In this article, CONAL McFEELY, a friend of Bloody Sunday victim GERALD DONAGHEY, argues that Lord Saville’s conclusion that the teenager was “probably” carrying nail bombs when he was shot makes no sense whatsoever.
It was unfortunate that Lord Saville used the fifth anniversary of the publication of his findings into Bloody Sunday to revisit what I, and many others, regard as the single greatest failure in the Bloody Sunday Report – the panel’s assertion that Gerald Donaghey was ‘probably’ armed with nail bombs when he was shot.
I was with Gerry at the start of the march on Bloody Sunday, along with my brother, and I am certain that Gerry had no nail bombs with him then. Those who helped him immediately after he was shot said that he had none on him then either.
After our fatally-wounded friend was taken to Raymond Rogan’s home for treatment, a doctor, a newspaper reporter and six other civilian witnesses testified that Gerry had no devices on him there either.
Indeed, one military witness, ‘Corporal 150’, who drove the car – with Gerry’s body in it – from a checkpoint at Barrack Street to ‘the Bridge Camp’, did not see any nail bombs. ‘Corporal’ 150 told the Inquiry that if there had been a nail bomb or bombs in Gerry’s pockets he was sure he would have seen them.
So, how come Gerry Donaghey was photographed on Bloody Sunday with four nail bombs protruding from the pockets of his clothes?
In dismissing the likelihood of nail bombs having been planted on Gerry by the British Army, the Inquiry concluded that any soldier or soldiers planting the nail bombs would have to have been content to see a colleague then drive the car with these devices on board.
But why would Raymond Rogan have driven a man with nail bombs in his pockets to hospital, through permanent military checkpoints, and why would Leo Young have sat in the back seat of the car beside a dying man harbouring visible – and dangerous – explosive devices?
The Inquiry rejected a submission on behalf of a number of serving and former police officers that the planting of nail bombs by soldiers at Barrack Street was “a credible possibility that cannot be dismissed”.
The Inquiry found that Gerald – like the rest of the Bloody Sunday dead and injured – was not posing a threat or doing anything that would justify his shooting. The Inquiry also concluded that there was no evidence that Gerald was engaged in “offensive paramilitary activity” on Bloody Sunday. He was innocent and was rightly proclaimed as such by the Inquiry.
But the Inquiry’s failure to dismiss what this entire city knows was a hasty ‘fit-up’ by the British Army leaves an undeserved and unacceptable smear on Gerry’s memory and reputation.
Ultimately, however, the Report of the Bloody Sunday Inquiry is, itself, tarnished in the eyes of this city by its failure to address this cover-up properly.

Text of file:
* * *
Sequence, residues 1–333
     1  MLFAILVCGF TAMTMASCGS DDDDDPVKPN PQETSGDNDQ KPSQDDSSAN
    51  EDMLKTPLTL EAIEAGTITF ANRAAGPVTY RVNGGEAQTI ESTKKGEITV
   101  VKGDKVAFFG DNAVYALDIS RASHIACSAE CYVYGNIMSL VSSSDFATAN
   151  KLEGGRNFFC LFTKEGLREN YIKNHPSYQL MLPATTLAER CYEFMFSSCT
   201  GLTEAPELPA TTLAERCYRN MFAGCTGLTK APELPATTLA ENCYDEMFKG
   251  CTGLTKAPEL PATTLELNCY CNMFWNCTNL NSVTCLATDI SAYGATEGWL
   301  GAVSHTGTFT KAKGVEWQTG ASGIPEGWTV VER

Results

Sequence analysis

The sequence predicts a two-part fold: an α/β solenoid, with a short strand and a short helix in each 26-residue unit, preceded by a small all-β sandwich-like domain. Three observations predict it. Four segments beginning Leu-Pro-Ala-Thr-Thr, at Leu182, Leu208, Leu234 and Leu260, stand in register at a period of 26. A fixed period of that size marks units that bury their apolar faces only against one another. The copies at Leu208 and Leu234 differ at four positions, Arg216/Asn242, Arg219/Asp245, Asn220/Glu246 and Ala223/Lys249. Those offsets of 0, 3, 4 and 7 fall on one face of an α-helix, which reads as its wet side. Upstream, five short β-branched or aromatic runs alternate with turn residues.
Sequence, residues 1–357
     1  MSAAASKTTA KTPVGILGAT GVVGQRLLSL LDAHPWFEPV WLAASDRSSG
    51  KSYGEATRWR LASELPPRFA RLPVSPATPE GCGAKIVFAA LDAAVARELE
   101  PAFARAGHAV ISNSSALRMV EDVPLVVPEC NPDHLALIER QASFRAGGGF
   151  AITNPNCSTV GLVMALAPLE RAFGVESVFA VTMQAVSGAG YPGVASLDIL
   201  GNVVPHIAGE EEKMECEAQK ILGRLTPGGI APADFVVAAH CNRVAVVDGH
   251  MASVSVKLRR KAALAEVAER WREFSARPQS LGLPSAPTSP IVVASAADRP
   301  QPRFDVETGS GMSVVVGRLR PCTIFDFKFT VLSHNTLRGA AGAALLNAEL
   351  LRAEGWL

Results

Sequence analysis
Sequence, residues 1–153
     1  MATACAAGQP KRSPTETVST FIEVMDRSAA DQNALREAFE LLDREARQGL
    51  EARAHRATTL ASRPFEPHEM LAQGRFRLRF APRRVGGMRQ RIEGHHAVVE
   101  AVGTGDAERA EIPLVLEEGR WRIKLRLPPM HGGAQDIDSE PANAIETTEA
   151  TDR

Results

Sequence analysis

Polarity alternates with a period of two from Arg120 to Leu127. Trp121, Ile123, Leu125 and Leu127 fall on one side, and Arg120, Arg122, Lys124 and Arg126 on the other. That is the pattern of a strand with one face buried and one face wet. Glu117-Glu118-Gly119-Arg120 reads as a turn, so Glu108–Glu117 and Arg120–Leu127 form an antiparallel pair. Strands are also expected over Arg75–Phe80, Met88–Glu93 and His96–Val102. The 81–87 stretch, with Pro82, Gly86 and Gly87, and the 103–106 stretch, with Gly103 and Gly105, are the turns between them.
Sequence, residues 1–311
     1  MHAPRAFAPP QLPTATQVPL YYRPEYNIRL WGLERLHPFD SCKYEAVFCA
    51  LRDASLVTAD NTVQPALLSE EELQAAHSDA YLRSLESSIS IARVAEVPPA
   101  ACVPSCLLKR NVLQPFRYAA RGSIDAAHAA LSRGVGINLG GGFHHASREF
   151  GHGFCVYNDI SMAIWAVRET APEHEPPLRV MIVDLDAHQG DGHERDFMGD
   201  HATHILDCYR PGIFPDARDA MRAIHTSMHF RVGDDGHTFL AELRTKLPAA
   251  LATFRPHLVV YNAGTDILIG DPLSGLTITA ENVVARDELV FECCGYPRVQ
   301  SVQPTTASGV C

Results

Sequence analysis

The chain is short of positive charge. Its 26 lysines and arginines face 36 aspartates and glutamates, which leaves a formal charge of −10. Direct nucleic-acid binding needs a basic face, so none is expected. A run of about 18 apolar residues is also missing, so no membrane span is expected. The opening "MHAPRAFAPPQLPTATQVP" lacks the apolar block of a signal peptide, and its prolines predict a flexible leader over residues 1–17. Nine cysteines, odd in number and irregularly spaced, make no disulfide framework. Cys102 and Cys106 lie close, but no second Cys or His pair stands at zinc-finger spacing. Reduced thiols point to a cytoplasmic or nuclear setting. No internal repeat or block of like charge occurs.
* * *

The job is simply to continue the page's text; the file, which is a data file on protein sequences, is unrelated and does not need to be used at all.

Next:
Lord Saville’s argument, or re-justification, last week that his finding in relation to Gerry was based on a “balance of probabilities” was demonstrably wrong. The only visible evidence of nail bombs is in staged British Army photographs taken after the fatally injured Gerry had been violated on his way to hospital.
It is not just a probability, it is a certainty that, if Gerry had had anything dangerous or compromising on him – such as a nail bomb – it would have been removed before he was put in the car. To have done otherwise would have placed other people’s lives in danger. But Gerry had no devices on him. There were no nail bombs thrown during the Bloody Sunday march, nor were any recovered afterwards – except for those photographed on Gerry’s body.
The significance of the Bloody Sunday Report for this city was huge, as was David Cameron’s apology for the events of January 30, 1972.
June 15, 2010, was a momentous and landmark day for this city. But, as long as Gerry’s name remains sullied, there will never be full acceptance of the report in this city.
The suffering inflicted on the Donaghey family by the Bloody Sunday Report has not gone away. Their dignity when the report was published five years ago was immense; the same was true last week. They have never allowed their own hurt to overshadow any relief that the Inquiry’s findings may have brought to others.
So, for the Donaghey family’s sake, and for the city’s, it is time to look afresh at the case of Gerald Donaghey and to relieve his family of their ongoing heartache.
It is important to remember that the State had a role in what happened on Bloody Sunday. It was State soldiers who came onto our streets and shot our fellow citizens. It was the State apologists who besmirched the reputations of the dead and wounded. It was a State inquiry which – in 1972 – upheld the killers’ version of events. And it was another State-ordered inquiry which five years ago left a shadow hanging over Gerry Donaghey.
Why should we – the people of this city – let the State ‘get away with it’ again?
I do not expect the State to revisit Bloody Sunday for a third time. I note that – despite the evidence unearthed in the second inquiry – not a single State actor has, to date, been charged with any offence. But should we have to rely on the State to right the wrongs done to Gerry Donaghey?
I believe we should not. I believe that we, as citizens, should do what we can to correct the injustice that was done to one of our own. As a gesture towards the Donaghey family – and to ensure a sense of truth and justice for my friend – the new Derry City and Strabane District Council should affirm his complete innocence and formally reject the Bloody Sunday Report’s conclusions in relation to Gerry Donaghey.